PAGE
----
Every once in a while, it is good to get a healthy reminder of what jazz is. Some people think it is a repertoire of classic material, be it beloved jazz standards or pages from the Great American Songbook.
The reminder that jazz is a process - and an intense form of communication between the musicians on stage shared with the listeners privileged to be there - was on full display Thursday, September 22 at The Grill at 1951 in Port Charlotte FL.
Drummer Dave Potter's Retro Groove quartet put their hard-swinging stamp on a wide range of material, two-thirds of it from sources far from the standard repertoire. Potter's band mates included pianist Austin Johnson, bassist Terrell Montgomery and tenor saxophonist Miguel Alvarado.
In addition to his own projects and teaching, Atlanta-based Potter is the drummer in vibes player Jason Marsalis's touring band.
To get into the audience's comfort zone, Retro Groove opened with a few jazz classics: "Have You Met Miss Jones?," Thelonious Monk's infrequently heard "Shuffle Boil" and Antonio Carlos Jobim's bossa nova "Wave" before shifting to the 1979 Deniece Williams R&B hit "Why Can't We Fall in Love?" They closed out the first set with Ornette Coleman's "When Will the Blues Leave?"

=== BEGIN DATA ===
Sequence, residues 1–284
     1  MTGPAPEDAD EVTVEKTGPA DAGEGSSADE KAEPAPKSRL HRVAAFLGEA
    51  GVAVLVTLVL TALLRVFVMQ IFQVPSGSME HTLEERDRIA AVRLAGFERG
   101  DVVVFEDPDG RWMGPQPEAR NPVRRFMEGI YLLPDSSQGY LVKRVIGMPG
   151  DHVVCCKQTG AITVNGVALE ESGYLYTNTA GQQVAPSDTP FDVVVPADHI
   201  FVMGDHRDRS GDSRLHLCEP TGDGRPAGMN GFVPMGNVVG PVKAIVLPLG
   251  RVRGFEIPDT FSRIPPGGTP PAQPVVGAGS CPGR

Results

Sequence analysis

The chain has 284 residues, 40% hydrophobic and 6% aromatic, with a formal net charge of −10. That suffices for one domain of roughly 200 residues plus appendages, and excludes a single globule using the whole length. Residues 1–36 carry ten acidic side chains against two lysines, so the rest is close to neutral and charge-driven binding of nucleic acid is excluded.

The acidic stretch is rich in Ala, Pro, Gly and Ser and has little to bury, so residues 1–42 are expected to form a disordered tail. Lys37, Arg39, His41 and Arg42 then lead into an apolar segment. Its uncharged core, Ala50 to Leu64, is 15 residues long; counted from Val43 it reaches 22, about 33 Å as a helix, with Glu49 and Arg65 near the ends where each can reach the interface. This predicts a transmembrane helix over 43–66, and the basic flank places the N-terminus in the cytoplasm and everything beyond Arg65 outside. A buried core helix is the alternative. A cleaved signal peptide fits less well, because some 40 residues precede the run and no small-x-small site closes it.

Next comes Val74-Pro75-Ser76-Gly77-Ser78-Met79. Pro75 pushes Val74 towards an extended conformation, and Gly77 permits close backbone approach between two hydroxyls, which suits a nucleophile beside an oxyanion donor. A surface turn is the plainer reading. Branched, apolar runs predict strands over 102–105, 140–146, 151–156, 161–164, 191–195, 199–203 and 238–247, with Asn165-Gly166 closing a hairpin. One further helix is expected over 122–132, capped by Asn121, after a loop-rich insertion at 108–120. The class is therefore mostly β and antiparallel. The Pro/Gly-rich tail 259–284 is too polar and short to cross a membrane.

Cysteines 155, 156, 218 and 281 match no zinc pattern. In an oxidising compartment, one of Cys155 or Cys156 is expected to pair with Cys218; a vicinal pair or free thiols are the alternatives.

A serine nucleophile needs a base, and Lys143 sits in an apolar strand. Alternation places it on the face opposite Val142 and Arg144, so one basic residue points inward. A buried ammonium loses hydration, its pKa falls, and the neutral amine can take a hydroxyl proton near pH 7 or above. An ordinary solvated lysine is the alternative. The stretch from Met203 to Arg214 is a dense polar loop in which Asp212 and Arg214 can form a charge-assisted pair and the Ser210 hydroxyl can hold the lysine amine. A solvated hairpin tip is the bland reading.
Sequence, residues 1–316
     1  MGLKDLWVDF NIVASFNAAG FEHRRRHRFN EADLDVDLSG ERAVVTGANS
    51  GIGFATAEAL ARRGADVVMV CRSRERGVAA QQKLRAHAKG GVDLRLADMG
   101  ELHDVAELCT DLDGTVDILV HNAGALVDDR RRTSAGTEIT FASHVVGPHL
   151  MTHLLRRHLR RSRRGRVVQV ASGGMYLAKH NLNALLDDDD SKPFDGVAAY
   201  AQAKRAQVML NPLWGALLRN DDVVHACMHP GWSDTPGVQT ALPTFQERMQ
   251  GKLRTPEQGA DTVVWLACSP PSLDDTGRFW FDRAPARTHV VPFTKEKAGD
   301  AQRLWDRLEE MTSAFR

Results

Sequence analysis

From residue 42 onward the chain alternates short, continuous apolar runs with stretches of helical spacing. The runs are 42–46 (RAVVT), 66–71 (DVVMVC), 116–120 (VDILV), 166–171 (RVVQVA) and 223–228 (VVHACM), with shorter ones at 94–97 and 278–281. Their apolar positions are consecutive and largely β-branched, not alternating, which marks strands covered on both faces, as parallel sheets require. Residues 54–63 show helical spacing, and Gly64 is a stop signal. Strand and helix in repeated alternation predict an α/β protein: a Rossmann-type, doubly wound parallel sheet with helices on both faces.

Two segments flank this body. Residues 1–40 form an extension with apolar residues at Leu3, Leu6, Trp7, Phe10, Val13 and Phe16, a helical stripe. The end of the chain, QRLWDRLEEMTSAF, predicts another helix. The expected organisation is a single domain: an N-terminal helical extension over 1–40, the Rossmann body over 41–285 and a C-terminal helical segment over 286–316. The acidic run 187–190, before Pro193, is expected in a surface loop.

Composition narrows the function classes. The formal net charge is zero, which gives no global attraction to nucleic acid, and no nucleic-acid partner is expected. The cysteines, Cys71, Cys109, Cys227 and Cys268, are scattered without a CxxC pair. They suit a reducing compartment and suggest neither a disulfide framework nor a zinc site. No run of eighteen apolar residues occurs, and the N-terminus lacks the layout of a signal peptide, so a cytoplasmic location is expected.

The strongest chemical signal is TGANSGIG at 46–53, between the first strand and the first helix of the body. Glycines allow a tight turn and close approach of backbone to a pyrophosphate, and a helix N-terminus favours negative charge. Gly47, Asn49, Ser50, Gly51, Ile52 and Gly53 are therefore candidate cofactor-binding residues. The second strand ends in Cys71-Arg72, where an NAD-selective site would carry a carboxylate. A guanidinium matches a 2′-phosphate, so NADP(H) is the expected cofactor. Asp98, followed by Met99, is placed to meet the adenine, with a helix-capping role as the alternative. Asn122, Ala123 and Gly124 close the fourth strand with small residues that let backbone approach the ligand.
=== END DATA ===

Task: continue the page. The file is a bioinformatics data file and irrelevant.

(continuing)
The Deniece Williams hit was just a hint of what was to come. Potter's choices in the second and third sets were all extended instrumental versions of beloved songs from more popular repertoires - including pop, hard rock, R&B and in one instance, movie music. Most came from his newest recording, Retro Groove released in March on Square Biz Records.
Then came the Whitney Houston hit "Saving All My Love For You," composer Jon Williams' "The Flying Sequence" from the 1978 movie Superman starring Christopher Reeve. Living Colour's "Cult of Personality was a spotlight for Johnson's keyboard chops.
Retro Groove closed the night with Potter's arrangements of three more gems: the Michael Jackson hit "I Can't Help It," The Isley Brothers' "For the Love of You" (later covered by Houston and many others), and Peter Gabriel's "In Your Eyes."
In each case, extended solos delved into the music's possibilities. Potter's swinging groove and imagination were at the heart of it all.
|Austin Johnson, Miguel Alvarado, Terrell Montgomery, Dave Potter|